Yeah, it’s awesome! What I love about the record is how humble it is. It’s really not a departure because he’s always been that way. His voice is his voice and that doesn’t change, but I really love the creative and dynamic way that he uses instrumentation. It’s not what I generally expect from a country record. It’s more acoustic and subtle, and it’s interesting to see a little bit of a shift happening.
What’s it like to tour with Sharon Jones and the Dap Kings?
That history with James Brown allowed her to really explore the power of being the front person. She’s given me a lot of advice over the years. The first thing she noticed, she said, “Girl, why are you always sittin’ behind that organ? Get out front! Involve people!” She’s always picking people out of the audience and pointing at people and singing to people, which makes me really nervous. I don’t like that at all because I forget the lyrics. I’m thinking about the face that the guy in the front row is making instead of thinking about what the song means to me. I get a little bit of tunnel vision when I’m onstage, but she has helped shake me out of that a little bit.
You have a huge stage presence, though.
Thank you. It took awhile to get there. I was actually very shy at first. I was weird. I was like a kooky kid, so people thought I was loud, but I really wasn’t. I was kind of loud in outbursts. I was like a silent volcano. When I did have something to share, it was very over-the-top. But I’ve learned to balance that. Yeah, you hit your stride onstage and I think you have to be comfortable in your own skin.
If you feel comfortable with yourself, that’s half the battle in country music.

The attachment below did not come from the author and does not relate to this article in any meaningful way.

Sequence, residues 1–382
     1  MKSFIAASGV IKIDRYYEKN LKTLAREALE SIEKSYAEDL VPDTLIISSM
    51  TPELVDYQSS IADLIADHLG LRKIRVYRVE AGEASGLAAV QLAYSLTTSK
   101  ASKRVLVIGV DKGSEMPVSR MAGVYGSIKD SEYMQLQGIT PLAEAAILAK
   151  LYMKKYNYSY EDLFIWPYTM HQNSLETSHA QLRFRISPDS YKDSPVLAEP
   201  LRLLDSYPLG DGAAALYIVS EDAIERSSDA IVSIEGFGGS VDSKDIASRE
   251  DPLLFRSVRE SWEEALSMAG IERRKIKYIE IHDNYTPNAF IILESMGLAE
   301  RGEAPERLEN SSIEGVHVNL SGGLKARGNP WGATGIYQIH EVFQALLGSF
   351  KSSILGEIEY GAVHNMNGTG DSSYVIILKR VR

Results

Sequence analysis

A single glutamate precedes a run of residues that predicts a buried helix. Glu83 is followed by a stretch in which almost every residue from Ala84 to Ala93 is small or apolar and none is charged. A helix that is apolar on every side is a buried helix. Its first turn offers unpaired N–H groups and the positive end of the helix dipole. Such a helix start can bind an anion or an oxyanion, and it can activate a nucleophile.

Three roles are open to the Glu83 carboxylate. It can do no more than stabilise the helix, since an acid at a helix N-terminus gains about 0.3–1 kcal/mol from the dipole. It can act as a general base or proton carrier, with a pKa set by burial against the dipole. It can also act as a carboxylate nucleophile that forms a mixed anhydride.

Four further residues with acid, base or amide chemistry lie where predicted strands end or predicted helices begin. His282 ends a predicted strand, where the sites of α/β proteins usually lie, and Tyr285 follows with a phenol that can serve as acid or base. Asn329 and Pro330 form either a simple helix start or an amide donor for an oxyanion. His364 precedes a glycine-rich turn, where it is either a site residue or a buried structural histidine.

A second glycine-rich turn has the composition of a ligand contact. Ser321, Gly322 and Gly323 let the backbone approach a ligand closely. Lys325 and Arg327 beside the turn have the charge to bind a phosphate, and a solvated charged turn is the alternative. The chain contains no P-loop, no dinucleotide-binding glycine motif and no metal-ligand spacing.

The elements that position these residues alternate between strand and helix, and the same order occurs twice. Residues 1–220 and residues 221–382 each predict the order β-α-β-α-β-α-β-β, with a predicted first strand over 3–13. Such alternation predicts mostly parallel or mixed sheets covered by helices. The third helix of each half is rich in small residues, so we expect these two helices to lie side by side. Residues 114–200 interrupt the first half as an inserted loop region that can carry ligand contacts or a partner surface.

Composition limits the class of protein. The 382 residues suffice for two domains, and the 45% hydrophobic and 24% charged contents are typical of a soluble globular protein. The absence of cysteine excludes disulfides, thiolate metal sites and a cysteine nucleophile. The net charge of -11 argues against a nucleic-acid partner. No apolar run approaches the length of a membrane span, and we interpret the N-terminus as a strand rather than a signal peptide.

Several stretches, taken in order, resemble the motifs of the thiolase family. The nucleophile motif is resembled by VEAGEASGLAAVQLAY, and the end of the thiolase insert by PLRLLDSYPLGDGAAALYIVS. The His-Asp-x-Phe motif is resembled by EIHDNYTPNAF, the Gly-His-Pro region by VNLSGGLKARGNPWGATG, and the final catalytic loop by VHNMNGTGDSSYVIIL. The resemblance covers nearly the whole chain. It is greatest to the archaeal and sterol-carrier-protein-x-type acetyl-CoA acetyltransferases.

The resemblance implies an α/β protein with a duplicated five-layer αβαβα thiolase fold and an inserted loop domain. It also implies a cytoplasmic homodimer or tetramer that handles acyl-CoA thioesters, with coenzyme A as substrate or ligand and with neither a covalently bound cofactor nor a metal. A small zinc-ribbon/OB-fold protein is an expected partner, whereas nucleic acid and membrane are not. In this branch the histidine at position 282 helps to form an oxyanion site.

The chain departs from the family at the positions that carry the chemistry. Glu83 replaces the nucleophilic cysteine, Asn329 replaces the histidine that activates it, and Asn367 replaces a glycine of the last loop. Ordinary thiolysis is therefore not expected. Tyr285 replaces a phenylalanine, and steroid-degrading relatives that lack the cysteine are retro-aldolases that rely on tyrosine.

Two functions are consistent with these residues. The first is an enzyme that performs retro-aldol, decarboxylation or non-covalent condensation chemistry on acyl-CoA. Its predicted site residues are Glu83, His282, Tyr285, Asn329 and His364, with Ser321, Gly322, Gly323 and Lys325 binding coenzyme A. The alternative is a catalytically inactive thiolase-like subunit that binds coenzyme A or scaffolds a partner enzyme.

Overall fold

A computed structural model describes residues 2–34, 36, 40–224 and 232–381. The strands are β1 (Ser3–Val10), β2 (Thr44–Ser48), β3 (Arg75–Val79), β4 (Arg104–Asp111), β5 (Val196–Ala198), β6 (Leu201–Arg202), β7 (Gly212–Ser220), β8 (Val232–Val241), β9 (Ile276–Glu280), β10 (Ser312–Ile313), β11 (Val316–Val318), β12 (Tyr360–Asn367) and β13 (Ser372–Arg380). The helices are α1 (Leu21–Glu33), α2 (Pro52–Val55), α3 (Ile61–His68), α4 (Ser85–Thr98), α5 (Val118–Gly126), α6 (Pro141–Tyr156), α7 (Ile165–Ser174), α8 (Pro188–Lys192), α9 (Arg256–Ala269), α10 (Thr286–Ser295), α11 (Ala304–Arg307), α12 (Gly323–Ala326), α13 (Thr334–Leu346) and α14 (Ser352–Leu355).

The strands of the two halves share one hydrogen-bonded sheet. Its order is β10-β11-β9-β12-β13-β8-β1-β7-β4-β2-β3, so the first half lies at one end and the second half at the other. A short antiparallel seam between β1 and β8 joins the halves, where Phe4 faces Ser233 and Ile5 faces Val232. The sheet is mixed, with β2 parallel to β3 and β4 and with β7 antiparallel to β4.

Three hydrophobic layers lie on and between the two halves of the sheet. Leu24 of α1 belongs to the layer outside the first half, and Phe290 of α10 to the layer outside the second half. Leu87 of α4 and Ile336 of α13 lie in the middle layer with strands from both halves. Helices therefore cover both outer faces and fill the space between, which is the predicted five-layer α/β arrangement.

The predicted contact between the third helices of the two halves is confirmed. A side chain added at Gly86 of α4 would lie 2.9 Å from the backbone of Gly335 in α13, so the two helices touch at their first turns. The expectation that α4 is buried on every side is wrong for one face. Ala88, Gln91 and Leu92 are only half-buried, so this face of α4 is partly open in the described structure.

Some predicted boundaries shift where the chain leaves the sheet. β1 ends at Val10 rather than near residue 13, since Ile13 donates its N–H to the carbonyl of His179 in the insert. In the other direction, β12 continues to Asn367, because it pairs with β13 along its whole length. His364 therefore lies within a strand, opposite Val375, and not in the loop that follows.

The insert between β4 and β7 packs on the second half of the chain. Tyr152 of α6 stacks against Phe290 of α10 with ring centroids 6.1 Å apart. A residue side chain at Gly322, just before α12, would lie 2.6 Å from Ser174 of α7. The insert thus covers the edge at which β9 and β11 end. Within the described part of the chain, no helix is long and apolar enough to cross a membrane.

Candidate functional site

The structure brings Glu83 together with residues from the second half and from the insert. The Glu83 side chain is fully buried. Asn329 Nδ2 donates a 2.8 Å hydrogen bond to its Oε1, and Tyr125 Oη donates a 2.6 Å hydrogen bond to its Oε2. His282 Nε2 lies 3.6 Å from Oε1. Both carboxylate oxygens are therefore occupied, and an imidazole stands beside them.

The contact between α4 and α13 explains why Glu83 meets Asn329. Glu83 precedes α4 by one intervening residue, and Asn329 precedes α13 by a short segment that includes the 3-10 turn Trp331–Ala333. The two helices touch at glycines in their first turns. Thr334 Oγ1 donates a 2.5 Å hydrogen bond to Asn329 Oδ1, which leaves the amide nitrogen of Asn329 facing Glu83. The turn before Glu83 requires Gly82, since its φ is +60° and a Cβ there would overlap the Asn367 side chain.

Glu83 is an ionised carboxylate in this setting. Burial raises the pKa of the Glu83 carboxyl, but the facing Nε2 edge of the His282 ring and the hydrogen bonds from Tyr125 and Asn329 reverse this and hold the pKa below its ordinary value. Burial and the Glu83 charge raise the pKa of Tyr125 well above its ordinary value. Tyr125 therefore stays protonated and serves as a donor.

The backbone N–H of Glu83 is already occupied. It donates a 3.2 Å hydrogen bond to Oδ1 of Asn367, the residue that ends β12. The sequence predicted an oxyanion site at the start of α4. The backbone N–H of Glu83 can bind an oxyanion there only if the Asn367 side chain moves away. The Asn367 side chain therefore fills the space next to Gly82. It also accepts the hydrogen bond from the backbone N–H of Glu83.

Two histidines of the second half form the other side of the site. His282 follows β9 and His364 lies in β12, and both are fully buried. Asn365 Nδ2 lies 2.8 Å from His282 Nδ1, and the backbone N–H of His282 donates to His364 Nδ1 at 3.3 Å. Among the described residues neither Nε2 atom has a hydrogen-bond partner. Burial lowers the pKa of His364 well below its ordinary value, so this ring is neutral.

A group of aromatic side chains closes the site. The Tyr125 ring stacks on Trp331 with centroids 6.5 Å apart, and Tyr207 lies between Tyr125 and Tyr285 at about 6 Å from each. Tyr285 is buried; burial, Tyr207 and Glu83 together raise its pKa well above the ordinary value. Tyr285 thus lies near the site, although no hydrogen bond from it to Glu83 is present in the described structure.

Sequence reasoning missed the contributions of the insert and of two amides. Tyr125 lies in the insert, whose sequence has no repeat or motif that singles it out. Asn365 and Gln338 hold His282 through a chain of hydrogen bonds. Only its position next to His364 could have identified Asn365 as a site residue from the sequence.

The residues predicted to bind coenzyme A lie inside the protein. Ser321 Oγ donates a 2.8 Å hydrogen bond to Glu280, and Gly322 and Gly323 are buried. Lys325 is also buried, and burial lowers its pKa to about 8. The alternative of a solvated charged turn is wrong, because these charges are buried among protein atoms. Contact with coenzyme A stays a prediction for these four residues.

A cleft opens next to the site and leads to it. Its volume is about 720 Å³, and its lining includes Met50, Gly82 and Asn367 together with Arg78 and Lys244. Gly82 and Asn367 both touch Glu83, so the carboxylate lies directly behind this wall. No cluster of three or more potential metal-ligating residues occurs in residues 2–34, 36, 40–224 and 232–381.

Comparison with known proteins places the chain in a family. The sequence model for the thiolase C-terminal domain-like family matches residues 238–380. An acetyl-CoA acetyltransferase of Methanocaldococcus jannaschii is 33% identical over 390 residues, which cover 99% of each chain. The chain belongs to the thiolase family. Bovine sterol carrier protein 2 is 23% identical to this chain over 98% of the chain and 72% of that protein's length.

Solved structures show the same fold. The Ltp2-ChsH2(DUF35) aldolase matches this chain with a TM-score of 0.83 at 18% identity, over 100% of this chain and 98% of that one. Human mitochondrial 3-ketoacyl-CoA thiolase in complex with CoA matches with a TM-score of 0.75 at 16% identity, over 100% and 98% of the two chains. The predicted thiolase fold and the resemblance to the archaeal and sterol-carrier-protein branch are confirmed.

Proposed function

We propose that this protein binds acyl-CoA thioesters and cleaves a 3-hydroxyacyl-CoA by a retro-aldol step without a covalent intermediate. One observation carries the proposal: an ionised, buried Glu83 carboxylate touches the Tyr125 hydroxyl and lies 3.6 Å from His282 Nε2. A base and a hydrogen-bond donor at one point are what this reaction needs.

Yeah, I know you’re right, you’re absolutely right. It’s important and it’s not easy. So many musicians sort of get lost in their own skin and sort of stare at their shoes for their whole career. It’s good to change it up, though. I think that our greatest gift as a band is that we’ve never allowed people to nail us down to one genre or one style or one type of record, whether it’s the Grace Potter show or whether it’s more about the band. The identity has always been really elastic in a way. I’ve gone from wearing jeans and cowboy boots to wearing miniskirts and gold tassels and high heels. I’m sure I’m not going to dress that way forever. It’s going to change again and again. I think that identity and sort of the brand — I hate that word — the brand of the musician should be malleable. It should change and it should grow. But yeah, I do feel bad for artists that kind of get rammed into a corner before they even have a chance to stick out.
Kenny’s career took awhile to get going. He’s been around about 15 years now.
I know, he was talking about his tour bus and having 12 or 13 people all sleeping on the bus at the same time. For eight years he did that. We’re in the middle of that right now. I’m not presuming that it’s ever going to grow to the point that Kenny’s gotten to, but I do hope it will. I think it’s a goal for any musician, but you have to enjoy those moments in the bus with 13 people and everybody’s living on top of each other and Cat’s [bass player Catherine Popper] and my suitcases are exploding with ladies underwear. It’s really great to be in that summer camp mode of your career.
That’s success, too. You’re making a living as a musician and that’s success right there.
I know! I don’t have to go home and work at the deli when I come home. It’s amazing. I still marvel at that when I come home from a tour. I can actually sit and relax and play with my dog and go to the river and not have to grind it out the way I always thought I would. I thought I would do music, but I didn’t think I was going to be able to just do music.